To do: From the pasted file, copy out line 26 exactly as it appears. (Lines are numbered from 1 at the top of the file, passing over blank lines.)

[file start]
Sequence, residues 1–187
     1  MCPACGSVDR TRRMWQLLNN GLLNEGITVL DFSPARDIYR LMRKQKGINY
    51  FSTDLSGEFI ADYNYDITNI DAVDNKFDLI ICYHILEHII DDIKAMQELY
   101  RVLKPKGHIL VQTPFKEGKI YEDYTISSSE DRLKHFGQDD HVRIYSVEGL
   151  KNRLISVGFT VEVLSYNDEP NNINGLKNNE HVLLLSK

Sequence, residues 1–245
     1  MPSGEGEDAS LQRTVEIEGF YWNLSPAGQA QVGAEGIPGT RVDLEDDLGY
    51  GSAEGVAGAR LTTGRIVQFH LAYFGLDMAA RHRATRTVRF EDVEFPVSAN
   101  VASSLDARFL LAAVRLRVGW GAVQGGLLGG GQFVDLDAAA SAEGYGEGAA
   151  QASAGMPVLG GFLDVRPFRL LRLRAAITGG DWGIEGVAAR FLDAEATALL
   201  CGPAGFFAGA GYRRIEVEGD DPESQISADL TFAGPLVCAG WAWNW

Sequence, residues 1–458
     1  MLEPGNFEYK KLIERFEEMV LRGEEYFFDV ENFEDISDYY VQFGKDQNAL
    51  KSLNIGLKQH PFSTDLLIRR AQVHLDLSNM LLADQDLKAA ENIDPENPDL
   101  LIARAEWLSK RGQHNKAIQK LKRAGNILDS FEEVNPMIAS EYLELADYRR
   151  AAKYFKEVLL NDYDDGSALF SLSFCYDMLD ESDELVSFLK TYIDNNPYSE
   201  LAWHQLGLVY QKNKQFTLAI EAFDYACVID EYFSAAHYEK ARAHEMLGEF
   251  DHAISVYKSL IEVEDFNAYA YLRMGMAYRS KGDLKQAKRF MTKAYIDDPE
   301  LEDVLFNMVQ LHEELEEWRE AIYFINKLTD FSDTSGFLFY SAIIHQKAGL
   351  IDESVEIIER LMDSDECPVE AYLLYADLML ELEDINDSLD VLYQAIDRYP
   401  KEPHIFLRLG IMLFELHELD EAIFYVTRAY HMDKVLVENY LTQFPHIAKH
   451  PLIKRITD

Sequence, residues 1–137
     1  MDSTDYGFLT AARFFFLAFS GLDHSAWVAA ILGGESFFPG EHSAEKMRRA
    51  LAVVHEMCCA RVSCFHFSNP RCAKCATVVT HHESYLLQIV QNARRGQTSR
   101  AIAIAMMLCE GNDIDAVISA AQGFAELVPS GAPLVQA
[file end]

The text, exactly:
   101  AIAIAMMLCE GNDIDAVISA AQGFAELVPS GAPLVQA